Of course they won't equally distribute the load without pulleys if angles between parent branch and child branches are not exactly the same. in above picture if you pull all the way on one of the front lines the maximum load will be on A1
You're absolutely right on #1 but I'm not sure why we'd assume for #2 that equally distributed load on leading edge will be "better"Sandras wrote: ↑Sat May 05, 2018 7:58 pmreo.JPG
My understanding may be wrong and I welcome you to correct it.
I paste the bridle of Reo as an example of a non pulley kite.
1) For pulley less kites only one of the A1,A2,A3,A4 carries the load of the front lines (the rest have a very small load that just keeps the shape of the kite)
A1 (and the back lines) is carry the load at the maximum sheet in and A4 carries the load when fully de-powered.
2) A bridle with pulleys, because it can move it divides the load in the bridle lines.
My though is that a bridle with pulleys is less sensitive to stretch/shrinking exactly because the pulley can move and redistribute the load. That is that even if +/- a bit it would still work better than a pulley less bridle.
Is this thinking correct? If not, what's wrong?
I can't agree on that.
Agreed on load distribution.Sandras wrote: ↑Sun May 06, 2018 10:19 am
@grigorib: You added the word "equally" which makes a big difference. Yes with the word "equally" everything is wrong. But dividing the load does not have to be equal!
@grigorib: I'm not checking if one system is better than the other, I'm not even checking which one is more durable or wear resistant.
All I'm comparing is that if a fixed bridle system gets a bit out of tune because of stretches/shrinkages it will have a bigger effect compared to a pulley system with a bit of stretch/shrink. I see the pulley system as more autoadjusting.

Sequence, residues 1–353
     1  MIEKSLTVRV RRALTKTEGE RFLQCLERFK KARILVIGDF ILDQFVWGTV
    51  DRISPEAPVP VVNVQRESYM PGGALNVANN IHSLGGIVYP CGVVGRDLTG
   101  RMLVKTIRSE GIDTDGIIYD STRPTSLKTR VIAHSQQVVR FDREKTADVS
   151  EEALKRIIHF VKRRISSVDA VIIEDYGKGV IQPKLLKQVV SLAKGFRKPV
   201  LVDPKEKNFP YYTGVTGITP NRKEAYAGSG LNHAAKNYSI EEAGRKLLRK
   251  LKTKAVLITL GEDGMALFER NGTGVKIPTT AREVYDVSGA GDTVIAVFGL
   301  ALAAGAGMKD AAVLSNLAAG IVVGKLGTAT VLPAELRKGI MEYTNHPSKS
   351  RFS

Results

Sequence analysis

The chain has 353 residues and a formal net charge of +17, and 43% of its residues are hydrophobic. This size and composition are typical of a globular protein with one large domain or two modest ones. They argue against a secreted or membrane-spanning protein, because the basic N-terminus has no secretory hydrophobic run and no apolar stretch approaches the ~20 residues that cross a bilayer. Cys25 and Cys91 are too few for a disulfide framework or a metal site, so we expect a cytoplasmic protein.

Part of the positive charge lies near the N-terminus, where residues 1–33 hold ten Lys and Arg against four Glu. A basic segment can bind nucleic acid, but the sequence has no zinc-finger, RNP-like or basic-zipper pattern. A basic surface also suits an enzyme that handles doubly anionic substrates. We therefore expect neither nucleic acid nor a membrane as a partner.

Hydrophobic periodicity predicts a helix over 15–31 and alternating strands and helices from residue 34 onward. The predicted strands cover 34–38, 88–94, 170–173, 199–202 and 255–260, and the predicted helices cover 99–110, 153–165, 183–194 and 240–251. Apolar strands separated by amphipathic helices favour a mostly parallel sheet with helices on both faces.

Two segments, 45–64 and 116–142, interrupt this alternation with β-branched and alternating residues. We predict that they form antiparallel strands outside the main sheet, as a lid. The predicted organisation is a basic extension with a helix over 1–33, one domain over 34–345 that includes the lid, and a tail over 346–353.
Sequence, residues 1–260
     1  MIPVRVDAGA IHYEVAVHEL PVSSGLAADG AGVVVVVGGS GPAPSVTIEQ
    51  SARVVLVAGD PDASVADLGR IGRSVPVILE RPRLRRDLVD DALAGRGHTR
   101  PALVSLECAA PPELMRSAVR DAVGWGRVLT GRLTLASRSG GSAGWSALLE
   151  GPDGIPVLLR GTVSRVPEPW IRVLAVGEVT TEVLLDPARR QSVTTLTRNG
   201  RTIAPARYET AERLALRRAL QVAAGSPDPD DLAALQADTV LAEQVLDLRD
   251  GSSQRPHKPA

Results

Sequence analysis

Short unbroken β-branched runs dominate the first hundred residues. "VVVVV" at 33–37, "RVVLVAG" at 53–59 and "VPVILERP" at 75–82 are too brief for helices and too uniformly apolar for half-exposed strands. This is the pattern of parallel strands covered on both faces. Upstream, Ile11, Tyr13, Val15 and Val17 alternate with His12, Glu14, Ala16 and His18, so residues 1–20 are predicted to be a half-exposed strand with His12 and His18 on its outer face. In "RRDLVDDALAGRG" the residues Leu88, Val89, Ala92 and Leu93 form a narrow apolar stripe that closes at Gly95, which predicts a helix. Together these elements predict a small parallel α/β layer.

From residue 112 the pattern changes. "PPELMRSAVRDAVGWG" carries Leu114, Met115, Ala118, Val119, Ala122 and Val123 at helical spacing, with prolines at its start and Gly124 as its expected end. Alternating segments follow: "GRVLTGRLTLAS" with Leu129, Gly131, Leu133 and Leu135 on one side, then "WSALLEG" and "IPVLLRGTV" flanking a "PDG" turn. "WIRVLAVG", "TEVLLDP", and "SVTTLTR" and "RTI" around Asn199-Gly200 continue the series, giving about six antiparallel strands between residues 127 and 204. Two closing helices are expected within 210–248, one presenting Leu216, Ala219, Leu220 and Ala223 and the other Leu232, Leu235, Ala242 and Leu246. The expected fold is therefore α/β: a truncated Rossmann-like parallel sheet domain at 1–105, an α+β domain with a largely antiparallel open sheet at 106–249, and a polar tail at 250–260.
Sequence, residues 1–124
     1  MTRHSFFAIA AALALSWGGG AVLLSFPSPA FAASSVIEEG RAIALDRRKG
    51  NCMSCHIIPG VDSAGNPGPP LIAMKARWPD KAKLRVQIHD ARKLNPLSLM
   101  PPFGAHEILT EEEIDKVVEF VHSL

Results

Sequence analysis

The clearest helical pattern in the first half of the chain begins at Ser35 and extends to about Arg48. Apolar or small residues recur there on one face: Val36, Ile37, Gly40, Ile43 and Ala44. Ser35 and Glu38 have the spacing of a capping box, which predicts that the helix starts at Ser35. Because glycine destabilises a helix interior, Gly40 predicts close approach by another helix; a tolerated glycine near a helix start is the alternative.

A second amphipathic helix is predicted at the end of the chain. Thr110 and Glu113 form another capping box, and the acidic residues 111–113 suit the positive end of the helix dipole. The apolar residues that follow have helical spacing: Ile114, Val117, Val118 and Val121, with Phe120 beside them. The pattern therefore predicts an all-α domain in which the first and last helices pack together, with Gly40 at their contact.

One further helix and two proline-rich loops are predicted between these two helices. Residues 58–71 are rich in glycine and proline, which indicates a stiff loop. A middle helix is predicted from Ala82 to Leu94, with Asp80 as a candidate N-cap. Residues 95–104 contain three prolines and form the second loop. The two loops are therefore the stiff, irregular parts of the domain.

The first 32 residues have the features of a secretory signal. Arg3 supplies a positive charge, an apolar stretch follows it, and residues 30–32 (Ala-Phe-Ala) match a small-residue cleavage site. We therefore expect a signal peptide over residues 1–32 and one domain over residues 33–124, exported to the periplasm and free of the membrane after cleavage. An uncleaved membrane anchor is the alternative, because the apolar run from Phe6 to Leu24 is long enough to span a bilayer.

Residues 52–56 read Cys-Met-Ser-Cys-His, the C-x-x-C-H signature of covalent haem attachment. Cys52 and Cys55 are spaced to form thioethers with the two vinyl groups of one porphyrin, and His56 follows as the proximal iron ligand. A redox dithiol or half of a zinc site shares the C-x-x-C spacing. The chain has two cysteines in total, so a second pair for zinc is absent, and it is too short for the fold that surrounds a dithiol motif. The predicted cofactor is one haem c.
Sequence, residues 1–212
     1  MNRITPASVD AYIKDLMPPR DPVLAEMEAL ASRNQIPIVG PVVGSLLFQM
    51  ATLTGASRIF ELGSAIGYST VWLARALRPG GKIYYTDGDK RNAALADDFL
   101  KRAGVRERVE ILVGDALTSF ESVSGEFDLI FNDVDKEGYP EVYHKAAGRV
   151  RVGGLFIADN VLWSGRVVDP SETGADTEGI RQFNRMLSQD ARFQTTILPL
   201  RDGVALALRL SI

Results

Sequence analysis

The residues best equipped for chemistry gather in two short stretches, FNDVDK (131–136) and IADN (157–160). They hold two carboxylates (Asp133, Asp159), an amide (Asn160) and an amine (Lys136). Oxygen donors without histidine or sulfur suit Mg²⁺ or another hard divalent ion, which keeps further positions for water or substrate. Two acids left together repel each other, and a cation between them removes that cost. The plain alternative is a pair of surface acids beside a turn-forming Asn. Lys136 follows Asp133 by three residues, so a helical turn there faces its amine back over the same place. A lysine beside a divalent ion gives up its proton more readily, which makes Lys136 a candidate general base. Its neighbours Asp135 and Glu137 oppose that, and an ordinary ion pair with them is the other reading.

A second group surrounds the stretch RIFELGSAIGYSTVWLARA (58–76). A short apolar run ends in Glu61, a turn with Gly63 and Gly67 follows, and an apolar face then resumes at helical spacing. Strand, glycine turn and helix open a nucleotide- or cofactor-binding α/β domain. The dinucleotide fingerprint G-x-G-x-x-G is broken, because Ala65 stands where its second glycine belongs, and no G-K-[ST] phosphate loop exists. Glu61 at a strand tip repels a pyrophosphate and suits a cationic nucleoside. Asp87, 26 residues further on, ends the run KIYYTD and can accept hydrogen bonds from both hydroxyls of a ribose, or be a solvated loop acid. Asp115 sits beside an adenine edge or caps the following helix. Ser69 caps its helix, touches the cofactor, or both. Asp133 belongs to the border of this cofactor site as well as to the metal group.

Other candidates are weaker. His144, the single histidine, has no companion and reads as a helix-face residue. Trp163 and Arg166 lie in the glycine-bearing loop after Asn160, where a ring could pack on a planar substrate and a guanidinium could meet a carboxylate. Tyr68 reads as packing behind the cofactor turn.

Yeah, just no.Sandras wrote: ↑Sun May 06, 2018 10:19 am
I can't agree on that.
Just look at the drawing below.
Let's assume that at this AoA (angle of attack) it is as you describe it. All bridle lines have load.
Now imagine the AoA increasing (that is the trailing edge going down - back lines pulling more). What will happen to 6 in that case? I believe it will go slack, no?
Now imagine closing even more, now 4 goes slack.
(When I say slack, you wont see it flapping because the leading edge will move/flatten and compensate but this is a very small load, just tensioning the line)
The more the angle of attack increases, the higher the pull in the lines.
My assumption is that in fixed bridles, line 5 will stretch more than the others disturbing the initial tuning. (e.g. more chances to front stall depowered.)
Reading again my first statement and looking again at the drawing above, it now seems to me that it is not a single line that carries the load but there must be a few slack lines in fixed bridles depending on the AoA.
It gets confusing. There’s no pushing anywhere...
Oh, I'm glad that we can talk with vectors!
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